Program Status: Milestone III was achieved in the fourth quarter FY 1994. It is being installed on all new-construction MHC-51 ships and will be the phased-replacement for the AN/SQQ-30 sonars installed on MCMs 2-9 commencing in FY 1998.
Description: The Navy's first priority in its Unmanned Undersea Vehicle (UUV) plan is the rapid development of a covert mine reconnaissance capability. The Near Term Mine Reconnaissance System (NMRS) is being developed to meet this pressing requirement. NMRS will maximize the use of existing Commercial Off-The-Shelf (COTS) systems in a vehicle capable of launch and recovery from the torpedo tubes of Los Angeles (SSN-688)-class submarines. NMRS will integrate forward-looking sonar for obstacle avoidance and initial search capability with an improved AN/AQS-14 side scan sonar for target classification. The Long Term Mine Reconnaissance System (LMRS) is in development to enter
service in FY 2003 and provide a robust, long-term capability to conduct clandestine minefield reconnaissance. The LMRS will replace the NMRS and will provide a significantly improved capability, including submarine launch and recovery as well as autonomous operation for more than 40 hours.
Program Status: The NMRS operational prototype is scheduled for delivery in FY 1998.
Developer/Manufacturer: NMRS: Northrop Grumman Oceanic Division, Annapolis, Maryland. LMRS: Boeing North America and Northrop Grumman Oceanic are preparing detailed designs in competition for the production of LMRS.
VSW MCM Very Shallow Water Detachment
Description: During the past two years, the Navy has successfully completed a feasibility demonstration with the Very Shallow Water (VSW) MCM Test Detachment, and the Chief of Naval Operations has authorized the establishment of a permanent VSW MCM Detachment under the Commander, Mine Warfare Command. This detachment, which in 1998 is in the process of transitioning from its prototype state to an operational unit, provides a capability for conducting advanced-force and pre-assault MCM exploratory and reconnaissance operations in the VSW zone (from 10- to 40-foot water depths) to locate and, if required, to clear potential landing sites in support of joint littoral power-projections operations.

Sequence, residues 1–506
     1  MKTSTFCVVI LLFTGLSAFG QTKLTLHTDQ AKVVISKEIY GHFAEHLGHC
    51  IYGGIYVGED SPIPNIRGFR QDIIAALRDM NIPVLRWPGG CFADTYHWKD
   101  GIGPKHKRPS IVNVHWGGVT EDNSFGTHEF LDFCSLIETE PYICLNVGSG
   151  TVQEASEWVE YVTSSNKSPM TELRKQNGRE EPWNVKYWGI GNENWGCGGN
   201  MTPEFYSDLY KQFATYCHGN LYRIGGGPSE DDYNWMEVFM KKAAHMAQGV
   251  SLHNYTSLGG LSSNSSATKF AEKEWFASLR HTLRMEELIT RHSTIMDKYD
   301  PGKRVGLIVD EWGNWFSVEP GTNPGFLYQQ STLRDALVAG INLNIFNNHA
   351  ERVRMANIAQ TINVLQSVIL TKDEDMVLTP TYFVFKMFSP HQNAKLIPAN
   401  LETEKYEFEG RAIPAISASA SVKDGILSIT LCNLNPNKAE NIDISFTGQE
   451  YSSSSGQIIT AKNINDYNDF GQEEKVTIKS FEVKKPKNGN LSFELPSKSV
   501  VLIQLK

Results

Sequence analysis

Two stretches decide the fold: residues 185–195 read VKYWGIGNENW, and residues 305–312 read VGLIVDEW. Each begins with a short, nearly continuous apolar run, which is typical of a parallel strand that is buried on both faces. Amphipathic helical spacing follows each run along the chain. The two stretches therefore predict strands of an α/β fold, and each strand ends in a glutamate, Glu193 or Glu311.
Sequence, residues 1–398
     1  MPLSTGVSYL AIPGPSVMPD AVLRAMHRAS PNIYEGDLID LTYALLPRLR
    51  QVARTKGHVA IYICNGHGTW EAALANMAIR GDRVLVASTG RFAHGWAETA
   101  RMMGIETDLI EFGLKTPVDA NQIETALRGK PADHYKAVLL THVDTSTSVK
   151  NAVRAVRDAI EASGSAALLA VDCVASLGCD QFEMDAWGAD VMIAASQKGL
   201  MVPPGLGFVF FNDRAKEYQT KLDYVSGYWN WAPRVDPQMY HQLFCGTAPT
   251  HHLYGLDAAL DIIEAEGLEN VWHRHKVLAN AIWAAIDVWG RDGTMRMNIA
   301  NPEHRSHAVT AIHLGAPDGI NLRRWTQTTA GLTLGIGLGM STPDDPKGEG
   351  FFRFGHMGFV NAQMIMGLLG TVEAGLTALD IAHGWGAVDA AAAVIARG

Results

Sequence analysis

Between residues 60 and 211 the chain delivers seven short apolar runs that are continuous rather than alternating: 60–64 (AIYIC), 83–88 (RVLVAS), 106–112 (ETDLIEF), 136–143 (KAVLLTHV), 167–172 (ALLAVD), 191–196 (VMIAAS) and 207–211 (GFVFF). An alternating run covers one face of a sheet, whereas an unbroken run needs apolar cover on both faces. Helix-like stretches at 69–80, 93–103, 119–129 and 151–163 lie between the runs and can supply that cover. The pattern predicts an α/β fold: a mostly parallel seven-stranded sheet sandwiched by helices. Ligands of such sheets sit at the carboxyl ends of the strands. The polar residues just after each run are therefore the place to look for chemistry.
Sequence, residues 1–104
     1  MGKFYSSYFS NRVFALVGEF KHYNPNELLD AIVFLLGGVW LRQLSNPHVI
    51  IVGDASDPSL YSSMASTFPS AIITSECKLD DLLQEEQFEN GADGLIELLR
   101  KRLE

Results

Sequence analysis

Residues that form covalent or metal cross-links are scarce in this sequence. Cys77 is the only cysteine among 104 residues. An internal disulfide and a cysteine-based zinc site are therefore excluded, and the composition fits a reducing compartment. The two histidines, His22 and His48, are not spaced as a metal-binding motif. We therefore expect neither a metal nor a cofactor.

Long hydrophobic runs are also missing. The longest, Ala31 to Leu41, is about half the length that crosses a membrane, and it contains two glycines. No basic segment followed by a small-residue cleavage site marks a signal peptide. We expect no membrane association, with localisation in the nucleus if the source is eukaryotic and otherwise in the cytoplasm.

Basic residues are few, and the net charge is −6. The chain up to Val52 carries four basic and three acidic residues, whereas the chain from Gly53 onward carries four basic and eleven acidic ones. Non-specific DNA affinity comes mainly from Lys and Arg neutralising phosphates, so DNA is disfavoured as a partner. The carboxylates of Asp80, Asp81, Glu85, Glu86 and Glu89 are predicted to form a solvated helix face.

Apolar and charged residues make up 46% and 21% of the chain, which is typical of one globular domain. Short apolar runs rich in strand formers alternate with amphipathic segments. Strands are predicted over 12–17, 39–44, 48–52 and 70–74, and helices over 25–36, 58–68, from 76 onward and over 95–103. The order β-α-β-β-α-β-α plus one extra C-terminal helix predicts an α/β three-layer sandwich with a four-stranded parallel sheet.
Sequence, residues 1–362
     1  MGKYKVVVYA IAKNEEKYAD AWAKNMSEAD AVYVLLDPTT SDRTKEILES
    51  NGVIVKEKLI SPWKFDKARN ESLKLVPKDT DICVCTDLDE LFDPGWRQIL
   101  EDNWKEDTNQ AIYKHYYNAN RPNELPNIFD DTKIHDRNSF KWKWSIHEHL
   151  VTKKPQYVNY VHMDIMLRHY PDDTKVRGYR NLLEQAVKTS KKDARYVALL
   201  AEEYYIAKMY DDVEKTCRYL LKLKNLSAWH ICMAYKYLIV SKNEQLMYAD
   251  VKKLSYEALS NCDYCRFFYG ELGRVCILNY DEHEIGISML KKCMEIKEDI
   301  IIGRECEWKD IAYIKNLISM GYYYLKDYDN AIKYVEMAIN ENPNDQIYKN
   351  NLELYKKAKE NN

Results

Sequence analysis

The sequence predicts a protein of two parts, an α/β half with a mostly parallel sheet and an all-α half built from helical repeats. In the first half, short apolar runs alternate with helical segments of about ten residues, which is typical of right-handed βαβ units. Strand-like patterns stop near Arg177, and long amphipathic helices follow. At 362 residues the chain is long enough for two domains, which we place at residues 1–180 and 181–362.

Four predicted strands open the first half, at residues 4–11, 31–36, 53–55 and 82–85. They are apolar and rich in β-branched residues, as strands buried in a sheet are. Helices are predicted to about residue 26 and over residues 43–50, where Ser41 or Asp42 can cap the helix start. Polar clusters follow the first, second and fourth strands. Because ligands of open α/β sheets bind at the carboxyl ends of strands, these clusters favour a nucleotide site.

The VSW MCM Detachment, initially comprising Explosive Ordnance Disposal (EOD), Naval Special Warfare (NSW/SEAL), and Marine Corps Force Reconnaissance divers, as well as marine mammals, is responsible for developing tactics, techniques, and procedures for MCM operations in the VSW zone and with achieving a capability to mobilize rapidly and to embark with deployed amphibious task groups during contingencies. When not deployed, in essence the VSW MCM Det is the Navy's warfighting laboratory for evaluating prototype systems that offer capability improvements in this complex and critically important naval warfare area.
Program Status: Abbreviated acquisition programs are ongoing to acquire a diver-held Integrated Navigation Sensor System (INSS) that will provide divers in the VSW zone a visually enhanced sensor and a precise navigation capability with a single, small unit. This, coupled with a VSW Underwater Breathing Apparatus (UBA) also in development under an abbreviated acquisition program, will enable a first-ever minefield-suitable capability for detection and reacquisition of mines in the VSW zone. Additionally, the Ex-8 Marine Mammal System (MMS) acquisition program began in early FY 1998 to merge demonstrated prototype capabilities from the VSW MCM Test Det with new technology to acquire an operational MMS Det by the end of FY 2000.
Developer/Manufacturer: The Ex-8 MMS is being developed by the Naval Space and Electronic Warfare Systems Center (formerly NRaD) in San Diego, California. The INSS and the UBA developers are being selected.